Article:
Now pain-free, Penny Hardaway seeking revival with Miami Heat

Updated: October 2, 2007, 3:44 PM ET
Associated Press

MIAMI -- He doesn't play much golf these days, so his single-digit handicap is gone. He doesn't own a boat, doesn't go to the beach and isn't part of the posh South Florida party scene.

So why, exactly, did Anfernee "Penny" Hardaway move to Miami nearly 2½ years ago?

Maybe it was fate.

When Hardaway completed the purchase of a 7,500-square-foot home a few miles south of downtown Miami in July 2005, playing for the Heat wasn't in his plans. Knee pain was keeping him from basketball, and some believed his playing career was over.

But Hardaway never retired and kept seeking ways back on the floor. His doctors eventually found the cause of the ache, then operated to fix the problem. Now 36 and pain-free, Hardaway is set to begin a comeback with the Heat.

His competition for a spot in the rotation formally started Tuesday, when the Heat opened training camp.

"It's like you're a rookie all over again," Hardaway said. "I just want to win. I want the opportunity to play pain-free. I felt like I deserved to be back on the court, now that I'm not feeling pain that I was. Basketball wasn't fun these last five or six years."

It's fun again now.

Looking strong and trim at 212 pounds with minuscule levels of body fat, Hardaway acknowledges he isn't the high-flyer he was in earlier years. But he has been scrimmaging and impressing new teammates for several weeks. When he wasn't at the Heat practice facility or another gym for pickup games or workouts this summer, he was typically putting himself through sprinting drills at the University of Miami.

"The guy's committed with his heart to wanting to play," Heat coach Pat Riley said. "The guy can still play. I mean, he's a player. The only question is his physical capabilities. He's lost, obviously, a half-step or a full step. But that doesn't make any difference. He can play the game. As long as he can stay healthy and be on the court, I think he can help us."

Ah, the caveat: "As long as he can stay healthy."

It's a concern, considering Hardaway's major issues with injuries started more than a decade ago.

He was a rapid-rising star when he broke into the NBA in 1993-94, and he and Shaquille O'Neal brought an Eastern Conference championship to Orlando the following season. But knee problems kept Hardaway to 59 games in 1996-97, then surgery limited him to 19 games the following year. In the years that followed, he's battled plantar fasciitis, more knee surgery, thumb surgery, and even more knee surgery.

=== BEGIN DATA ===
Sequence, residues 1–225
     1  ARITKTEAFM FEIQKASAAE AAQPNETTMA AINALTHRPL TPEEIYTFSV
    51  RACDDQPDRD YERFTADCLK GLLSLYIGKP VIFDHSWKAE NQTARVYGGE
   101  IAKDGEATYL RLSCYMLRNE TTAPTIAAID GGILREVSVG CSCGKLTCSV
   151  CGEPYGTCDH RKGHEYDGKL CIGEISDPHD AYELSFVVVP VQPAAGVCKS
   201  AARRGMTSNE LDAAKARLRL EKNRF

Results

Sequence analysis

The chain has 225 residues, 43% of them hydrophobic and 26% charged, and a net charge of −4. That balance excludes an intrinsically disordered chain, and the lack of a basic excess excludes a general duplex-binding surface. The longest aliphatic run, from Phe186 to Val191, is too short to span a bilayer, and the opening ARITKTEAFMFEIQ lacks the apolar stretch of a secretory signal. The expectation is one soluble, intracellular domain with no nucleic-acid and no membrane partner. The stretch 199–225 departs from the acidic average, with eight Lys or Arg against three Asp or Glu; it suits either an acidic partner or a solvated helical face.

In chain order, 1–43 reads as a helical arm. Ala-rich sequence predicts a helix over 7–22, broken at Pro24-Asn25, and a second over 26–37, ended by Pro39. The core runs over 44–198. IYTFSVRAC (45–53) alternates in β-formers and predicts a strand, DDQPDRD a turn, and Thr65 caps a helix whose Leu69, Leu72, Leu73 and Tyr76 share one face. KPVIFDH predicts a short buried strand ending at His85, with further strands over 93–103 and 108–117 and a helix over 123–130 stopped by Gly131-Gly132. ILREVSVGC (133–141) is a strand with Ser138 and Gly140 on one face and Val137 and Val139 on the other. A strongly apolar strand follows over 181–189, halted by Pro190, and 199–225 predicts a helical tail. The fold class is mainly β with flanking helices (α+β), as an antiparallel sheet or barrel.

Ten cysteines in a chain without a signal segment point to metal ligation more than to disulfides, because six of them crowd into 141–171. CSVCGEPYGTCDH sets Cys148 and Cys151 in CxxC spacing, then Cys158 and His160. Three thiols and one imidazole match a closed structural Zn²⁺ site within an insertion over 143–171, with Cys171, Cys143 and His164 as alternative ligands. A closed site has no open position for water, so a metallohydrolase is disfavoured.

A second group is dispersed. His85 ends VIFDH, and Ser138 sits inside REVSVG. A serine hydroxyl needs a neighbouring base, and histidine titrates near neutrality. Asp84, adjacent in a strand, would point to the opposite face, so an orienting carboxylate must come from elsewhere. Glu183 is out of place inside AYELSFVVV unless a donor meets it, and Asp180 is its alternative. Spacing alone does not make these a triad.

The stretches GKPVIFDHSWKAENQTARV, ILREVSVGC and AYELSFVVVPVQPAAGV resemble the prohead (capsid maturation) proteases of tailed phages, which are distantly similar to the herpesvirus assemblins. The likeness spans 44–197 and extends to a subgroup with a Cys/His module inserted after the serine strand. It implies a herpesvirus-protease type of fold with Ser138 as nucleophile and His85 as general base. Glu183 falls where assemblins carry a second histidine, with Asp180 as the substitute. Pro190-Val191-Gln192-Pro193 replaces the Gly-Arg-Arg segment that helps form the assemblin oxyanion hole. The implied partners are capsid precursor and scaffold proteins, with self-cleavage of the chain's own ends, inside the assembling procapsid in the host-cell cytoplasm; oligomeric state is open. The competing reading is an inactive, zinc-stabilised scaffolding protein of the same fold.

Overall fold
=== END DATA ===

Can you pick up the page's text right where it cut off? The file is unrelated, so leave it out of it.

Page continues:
Since the start of the 2003-04 season, Hardaway has made nearly $44 million. He's played in 41 games.

"I don't have the wear-and-tear or the mileage of a normal 13-year veteran in this league, who plays every day and goes to the playoffs every year," Hardaway said. "That definitely saved my body, not being in too many games over the last five years."

He and O'Neal started their careers together in Orlando. They can end them in Miami, in a reunion that no one saw coming.

The Shaq-Penny relationship became strained toward the end of their time together in Orlando, and became practically nonexistent in recent years. O'Neal has made more than a few wisecracks about Hardaway, once saying that his "Blue Chips" co-star was "from the other side of the moon."

Mindful of that, the Heat asked O'Neal for his opinion before signing Hardaway. He approved of the deal.

"Penny was always a guy that could make you look better than you really were," O'Neal said. "He's a great passer. He's had two years off, he's in phenomenal shape and he still has it. A lot of people are going to be surprised."

That's true, but Hardaway -- still a career 15.4 point-per-game scorer -- isn't surprising himself.

He never retired for a reason. Deep down, he always believed he could still be a productive player in the NBA, and is still motivated by the lure of a championship. Miami got a title in 2006 and Hardaway believes the Heat will challenge for one again this season.

"It's been a long time since guys have seen me play the way I can play right now, because I was gone, out of sight, out of mind," Hardaway said. "To come back now and be on the court and holding my own and doing the things I can do, it feels great."


Copyright 2007 by The Associated Press

This story is from ESPN.com's automated news wire. Wire index